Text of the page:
If I do cancel the check and send off another one, it’ll come out of next year’s twenty percent. He’ll be eating his future, not to mention that my duty ends in 2019. I left a phone message to tell him all this. While I was still on the line, I heard the beep of an incoming call. I finished my message and looked at the phone. It was him again, all right. I put down the phone and let it ring until it stopped.

The check still hasn’t been cashed. He’ll look most of the day and then call me again. He doesn’t even know how much he needs. I have the guy’s money. I could ignore my instructions and send him the balance, but I know what would happen: screw-ups, more phone calls, pleas, and wasted emotion. The same flesh and blood, what can I do?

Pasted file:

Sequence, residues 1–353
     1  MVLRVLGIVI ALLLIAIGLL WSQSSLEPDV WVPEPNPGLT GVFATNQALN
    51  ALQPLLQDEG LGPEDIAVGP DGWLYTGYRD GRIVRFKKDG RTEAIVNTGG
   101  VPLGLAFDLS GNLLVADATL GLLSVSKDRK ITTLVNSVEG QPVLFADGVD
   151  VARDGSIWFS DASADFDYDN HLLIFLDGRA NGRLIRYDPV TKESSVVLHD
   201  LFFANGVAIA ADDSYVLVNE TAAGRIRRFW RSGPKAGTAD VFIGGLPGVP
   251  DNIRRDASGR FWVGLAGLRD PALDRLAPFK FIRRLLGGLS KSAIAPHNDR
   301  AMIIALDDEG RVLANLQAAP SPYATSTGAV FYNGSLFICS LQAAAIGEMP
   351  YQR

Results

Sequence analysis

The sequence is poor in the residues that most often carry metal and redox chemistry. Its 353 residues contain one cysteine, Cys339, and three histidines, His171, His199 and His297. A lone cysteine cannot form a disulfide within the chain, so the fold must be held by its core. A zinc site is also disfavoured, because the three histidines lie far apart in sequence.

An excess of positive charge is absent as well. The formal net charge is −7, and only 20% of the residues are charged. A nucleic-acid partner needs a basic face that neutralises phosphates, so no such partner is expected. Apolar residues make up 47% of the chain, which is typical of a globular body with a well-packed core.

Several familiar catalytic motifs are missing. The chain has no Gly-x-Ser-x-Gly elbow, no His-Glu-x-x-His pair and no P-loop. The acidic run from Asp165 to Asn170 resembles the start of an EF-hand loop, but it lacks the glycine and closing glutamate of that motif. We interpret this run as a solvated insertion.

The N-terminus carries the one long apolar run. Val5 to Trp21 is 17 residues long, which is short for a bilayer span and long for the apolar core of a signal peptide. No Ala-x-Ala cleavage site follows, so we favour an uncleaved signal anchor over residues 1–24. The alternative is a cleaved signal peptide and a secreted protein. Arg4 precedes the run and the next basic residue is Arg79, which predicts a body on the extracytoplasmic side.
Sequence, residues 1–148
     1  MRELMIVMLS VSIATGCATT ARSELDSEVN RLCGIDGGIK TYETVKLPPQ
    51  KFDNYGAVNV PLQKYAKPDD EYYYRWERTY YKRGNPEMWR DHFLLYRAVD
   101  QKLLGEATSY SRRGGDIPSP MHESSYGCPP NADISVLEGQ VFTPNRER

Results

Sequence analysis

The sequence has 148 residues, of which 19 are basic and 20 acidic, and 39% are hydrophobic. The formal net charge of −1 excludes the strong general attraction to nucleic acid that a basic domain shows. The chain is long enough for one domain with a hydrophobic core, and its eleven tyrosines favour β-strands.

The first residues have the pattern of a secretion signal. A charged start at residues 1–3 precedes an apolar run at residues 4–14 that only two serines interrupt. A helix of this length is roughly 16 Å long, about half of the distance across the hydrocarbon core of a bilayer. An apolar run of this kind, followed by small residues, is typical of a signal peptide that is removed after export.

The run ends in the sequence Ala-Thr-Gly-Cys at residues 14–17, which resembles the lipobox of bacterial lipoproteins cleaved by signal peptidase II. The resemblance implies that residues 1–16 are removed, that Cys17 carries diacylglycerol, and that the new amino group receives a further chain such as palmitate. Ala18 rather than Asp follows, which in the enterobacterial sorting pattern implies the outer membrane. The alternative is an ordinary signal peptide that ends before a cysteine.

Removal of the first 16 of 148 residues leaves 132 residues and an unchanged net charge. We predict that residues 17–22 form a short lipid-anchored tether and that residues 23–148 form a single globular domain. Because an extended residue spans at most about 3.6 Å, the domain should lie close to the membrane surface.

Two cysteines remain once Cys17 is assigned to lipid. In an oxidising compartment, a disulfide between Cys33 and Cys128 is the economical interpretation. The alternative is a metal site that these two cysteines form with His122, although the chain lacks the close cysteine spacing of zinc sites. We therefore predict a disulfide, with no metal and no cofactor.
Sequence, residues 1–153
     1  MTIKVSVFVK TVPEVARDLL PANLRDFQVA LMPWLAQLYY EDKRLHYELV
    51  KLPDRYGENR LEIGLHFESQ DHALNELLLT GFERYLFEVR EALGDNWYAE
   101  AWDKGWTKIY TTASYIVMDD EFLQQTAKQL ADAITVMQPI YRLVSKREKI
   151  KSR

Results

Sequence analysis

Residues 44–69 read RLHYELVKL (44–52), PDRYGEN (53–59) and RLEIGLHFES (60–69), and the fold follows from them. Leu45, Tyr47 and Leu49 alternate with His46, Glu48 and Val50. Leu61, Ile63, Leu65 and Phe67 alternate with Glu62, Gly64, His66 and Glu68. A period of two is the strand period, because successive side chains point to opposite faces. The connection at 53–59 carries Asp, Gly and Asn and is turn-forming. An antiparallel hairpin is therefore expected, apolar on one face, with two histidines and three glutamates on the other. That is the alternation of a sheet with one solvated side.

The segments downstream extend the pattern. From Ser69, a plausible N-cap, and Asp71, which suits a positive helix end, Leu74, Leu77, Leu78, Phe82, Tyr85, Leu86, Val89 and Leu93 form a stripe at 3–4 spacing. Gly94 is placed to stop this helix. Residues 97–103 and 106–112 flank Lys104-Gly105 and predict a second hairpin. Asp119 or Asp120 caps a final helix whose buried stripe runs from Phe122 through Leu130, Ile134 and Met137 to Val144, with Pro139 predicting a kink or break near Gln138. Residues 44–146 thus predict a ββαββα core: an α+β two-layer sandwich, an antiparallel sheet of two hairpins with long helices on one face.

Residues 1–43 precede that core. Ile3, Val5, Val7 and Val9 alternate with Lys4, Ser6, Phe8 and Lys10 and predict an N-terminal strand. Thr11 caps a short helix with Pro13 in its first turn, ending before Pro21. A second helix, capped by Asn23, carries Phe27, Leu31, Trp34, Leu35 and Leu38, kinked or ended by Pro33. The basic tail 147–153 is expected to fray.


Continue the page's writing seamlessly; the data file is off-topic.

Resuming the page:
A tale from the crypt, if ever I heard one.

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John Hamilton Farr lives at 7,000 feet in Ranchos de Taos, New Mexico, U.S.A. As New York Times best-selling author James C. Moore tells it, John is “a man attuned to the world who sees it differently than you and I and writes about it with a language and a vision of life that is impossible to ignore.” This JHFARR.COM site is the master writing archive. To email John, please see CONTACT INFO on About page. For a complete list of all John’s writing, photography, NFTs, and social media links, please visit JHFARR.ART  

  • Marti Fenton Whitedeersong May 30, 2014, 2:07 PM

    Sounds like my ex-husband. He doesn’t do drugs but schizo-affective disorder and bi-polar comes out about the same.

    • JHF May 30, 2014, 3:59 PM